Norbulingka has been training artisans in traditional crafts since 1995, giving new purpose and employment to many young Tibetans in exile. We interviewed a few, who have been apprenticed since their teens, to better understand and appreciate the work they have devoted their lives to.
We are starting the series – Interviews with Traditional Craftsmen, wherein we bring the focus on the art, the artists and the process of their creation. Today, we speak with Tenzin Gelek, statue making artist who have been learning and practising the art since 2003.
What were the reasons you joined the statue making at Norbulingka?
Since childhood, I was interested in art and hoped to one day acquire an artistic skill. I knew little about thangka painting or woodwork, but had friends from my settlement who were working in the statue making workshop at Norbulingka Institute and I listened with fascination when they narrated the work process of making a statue. I told my parents I wanted to make statue making my vocation, and they supported my decision, I was 13 years old at the time. The Norbulingka admissions requested I send a sketch and after some time, I was told I was admitted as an apprentice in the statue making studio. I am proud to say that it was my personal wish and interest that led me to become a statue making artist.
How do you feel about your work? Did you interest grow with your skill?
I began my training as statue maker in 2003. In the 8th year of my training, I felt my interest waning, and was thinking to pursue another line of work. Then I was introduced to casting, and made a statue using the technique. This process rekindled my interest and motivation. Casting requires patience, hard work and determination but I realized that if motivation is strong, it leads to a sense of purpose. I was inspired by the need to preserve this art form and make it available to future generations and was fascinated with the stories behind the different deities, and how each has its own characteristics.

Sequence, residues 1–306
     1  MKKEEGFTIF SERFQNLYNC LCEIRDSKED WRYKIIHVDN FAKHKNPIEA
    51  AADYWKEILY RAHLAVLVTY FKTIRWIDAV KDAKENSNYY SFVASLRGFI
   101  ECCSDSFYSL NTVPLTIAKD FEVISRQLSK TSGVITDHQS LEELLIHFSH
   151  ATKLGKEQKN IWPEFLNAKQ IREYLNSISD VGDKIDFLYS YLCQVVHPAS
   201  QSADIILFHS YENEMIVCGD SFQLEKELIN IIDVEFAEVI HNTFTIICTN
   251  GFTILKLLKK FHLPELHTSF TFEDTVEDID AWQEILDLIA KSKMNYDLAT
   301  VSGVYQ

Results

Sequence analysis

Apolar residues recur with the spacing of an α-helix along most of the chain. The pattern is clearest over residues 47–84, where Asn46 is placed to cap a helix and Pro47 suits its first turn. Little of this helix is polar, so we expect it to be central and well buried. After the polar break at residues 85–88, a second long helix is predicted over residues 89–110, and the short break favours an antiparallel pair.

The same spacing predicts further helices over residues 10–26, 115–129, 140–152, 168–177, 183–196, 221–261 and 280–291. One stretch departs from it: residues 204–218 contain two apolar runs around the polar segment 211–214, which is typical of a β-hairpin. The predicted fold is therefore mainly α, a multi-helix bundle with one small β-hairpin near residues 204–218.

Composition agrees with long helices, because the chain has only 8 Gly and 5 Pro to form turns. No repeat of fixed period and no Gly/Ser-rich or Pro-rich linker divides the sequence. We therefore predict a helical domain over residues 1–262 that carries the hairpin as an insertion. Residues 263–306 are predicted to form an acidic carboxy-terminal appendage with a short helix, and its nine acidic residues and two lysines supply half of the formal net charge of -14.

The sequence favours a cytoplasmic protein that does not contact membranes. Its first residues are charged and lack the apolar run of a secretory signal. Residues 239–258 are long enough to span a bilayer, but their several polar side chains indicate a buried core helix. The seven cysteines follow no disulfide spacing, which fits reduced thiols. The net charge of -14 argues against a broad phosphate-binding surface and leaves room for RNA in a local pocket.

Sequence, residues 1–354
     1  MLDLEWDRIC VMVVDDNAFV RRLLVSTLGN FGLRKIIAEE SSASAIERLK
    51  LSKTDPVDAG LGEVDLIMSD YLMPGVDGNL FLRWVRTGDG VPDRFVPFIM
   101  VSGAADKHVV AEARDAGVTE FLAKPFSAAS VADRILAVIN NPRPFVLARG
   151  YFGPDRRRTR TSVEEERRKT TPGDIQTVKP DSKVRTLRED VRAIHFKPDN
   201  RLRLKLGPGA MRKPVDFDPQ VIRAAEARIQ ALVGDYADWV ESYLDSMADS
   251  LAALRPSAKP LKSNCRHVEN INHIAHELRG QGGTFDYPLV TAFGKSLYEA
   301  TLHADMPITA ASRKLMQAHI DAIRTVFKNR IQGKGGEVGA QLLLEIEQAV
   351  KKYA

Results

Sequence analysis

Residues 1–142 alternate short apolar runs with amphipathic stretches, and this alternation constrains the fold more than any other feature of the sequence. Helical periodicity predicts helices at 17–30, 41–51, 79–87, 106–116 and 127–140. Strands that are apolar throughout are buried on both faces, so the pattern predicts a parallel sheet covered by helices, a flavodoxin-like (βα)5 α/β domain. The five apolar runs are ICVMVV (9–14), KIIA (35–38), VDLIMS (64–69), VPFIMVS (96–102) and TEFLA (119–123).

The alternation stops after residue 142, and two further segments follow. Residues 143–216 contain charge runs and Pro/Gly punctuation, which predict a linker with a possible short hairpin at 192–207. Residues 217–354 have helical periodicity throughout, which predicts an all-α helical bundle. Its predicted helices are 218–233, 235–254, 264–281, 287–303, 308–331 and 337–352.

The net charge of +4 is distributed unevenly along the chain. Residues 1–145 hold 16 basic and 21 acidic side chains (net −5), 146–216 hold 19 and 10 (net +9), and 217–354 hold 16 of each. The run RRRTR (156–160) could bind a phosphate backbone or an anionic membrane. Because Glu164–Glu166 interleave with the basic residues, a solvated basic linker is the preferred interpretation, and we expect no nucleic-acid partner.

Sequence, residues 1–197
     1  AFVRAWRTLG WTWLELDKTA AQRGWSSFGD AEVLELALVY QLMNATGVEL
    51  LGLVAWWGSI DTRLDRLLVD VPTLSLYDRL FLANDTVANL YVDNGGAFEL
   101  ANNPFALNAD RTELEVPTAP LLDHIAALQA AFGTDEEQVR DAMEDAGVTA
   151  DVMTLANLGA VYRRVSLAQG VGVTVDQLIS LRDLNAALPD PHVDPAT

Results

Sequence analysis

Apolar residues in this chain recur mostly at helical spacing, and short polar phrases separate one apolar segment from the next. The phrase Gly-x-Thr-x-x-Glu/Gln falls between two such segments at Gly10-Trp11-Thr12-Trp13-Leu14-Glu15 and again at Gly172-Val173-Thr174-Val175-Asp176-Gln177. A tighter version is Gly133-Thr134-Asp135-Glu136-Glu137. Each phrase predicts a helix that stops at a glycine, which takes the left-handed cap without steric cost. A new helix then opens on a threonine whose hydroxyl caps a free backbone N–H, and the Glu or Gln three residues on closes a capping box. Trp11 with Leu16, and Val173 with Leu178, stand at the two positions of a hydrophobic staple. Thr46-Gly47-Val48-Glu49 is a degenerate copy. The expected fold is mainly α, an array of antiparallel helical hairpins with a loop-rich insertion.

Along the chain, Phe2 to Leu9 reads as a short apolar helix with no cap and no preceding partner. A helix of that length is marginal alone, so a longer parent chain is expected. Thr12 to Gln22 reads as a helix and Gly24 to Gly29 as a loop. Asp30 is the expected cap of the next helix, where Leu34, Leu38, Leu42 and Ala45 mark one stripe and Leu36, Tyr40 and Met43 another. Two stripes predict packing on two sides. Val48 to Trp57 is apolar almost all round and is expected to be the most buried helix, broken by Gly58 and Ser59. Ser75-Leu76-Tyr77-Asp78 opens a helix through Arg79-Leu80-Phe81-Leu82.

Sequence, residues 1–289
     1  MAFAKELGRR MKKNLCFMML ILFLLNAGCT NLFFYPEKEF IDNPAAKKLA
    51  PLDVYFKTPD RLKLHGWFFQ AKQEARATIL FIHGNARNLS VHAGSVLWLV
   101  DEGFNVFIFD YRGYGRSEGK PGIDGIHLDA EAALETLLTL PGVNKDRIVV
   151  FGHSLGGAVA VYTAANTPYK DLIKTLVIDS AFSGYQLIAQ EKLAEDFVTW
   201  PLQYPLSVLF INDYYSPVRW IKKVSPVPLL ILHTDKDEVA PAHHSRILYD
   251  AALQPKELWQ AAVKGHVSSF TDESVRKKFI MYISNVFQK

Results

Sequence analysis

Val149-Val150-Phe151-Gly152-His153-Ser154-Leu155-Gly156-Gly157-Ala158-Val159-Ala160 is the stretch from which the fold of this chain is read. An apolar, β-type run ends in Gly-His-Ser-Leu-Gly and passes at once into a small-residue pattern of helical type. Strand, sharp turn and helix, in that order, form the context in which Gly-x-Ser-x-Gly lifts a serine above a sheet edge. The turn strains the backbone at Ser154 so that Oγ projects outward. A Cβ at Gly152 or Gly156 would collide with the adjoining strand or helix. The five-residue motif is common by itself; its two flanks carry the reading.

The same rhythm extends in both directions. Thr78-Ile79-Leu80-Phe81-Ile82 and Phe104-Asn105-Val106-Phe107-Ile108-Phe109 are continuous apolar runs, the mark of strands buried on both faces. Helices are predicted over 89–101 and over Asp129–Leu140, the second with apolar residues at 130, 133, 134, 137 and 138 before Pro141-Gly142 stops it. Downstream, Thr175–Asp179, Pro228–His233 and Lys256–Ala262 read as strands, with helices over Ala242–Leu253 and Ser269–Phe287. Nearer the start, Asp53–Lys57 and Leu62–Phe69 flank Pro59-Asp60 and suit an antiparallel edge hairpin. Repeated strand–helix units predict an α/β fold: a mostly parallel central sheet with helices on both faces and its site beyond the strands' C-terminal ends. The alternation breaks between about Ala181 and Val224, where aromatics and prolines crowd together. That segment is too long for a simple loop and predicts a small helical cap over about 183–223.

What do you like the best about your work? Do you have favorite things you like to do?
I like casting statues, working with gold, creating ornamental pieces for statues, stupas and jewelry for statues. I would say this work is my favorite. I find making statues from copper sheets with the hand hammering technique difficult and very time consuming, taking anywhere between 3-4 months to finish a statue, whereas a cast statue is smaller and is completed more quickly.
What is the favorite piece you made?
My favorite piece is a 3ft silver Enlightenment stupa, Jangchub chorten. It was completely hand-beaten and took about 4 months to complete.
Where do you see yourself in 20 years? What do you want to accomplish by then?
It is difficult to evaluate and anticipate the future; I am deeply grateful to my late master Pempa Dorje la, under whom I had the privilege of working for about 10 years. This experience made me what I am today. Today, most young Tibetans have little interest in traditional art, even fewer in statue making. I would like to help younger Tibetans develop a love of this wonderful skill.
I wish to continue to honing my skills and pursuing my love for goldsmithing, making ornaments and jewelry.You can read about Gelek’s master Pemba Dorje here.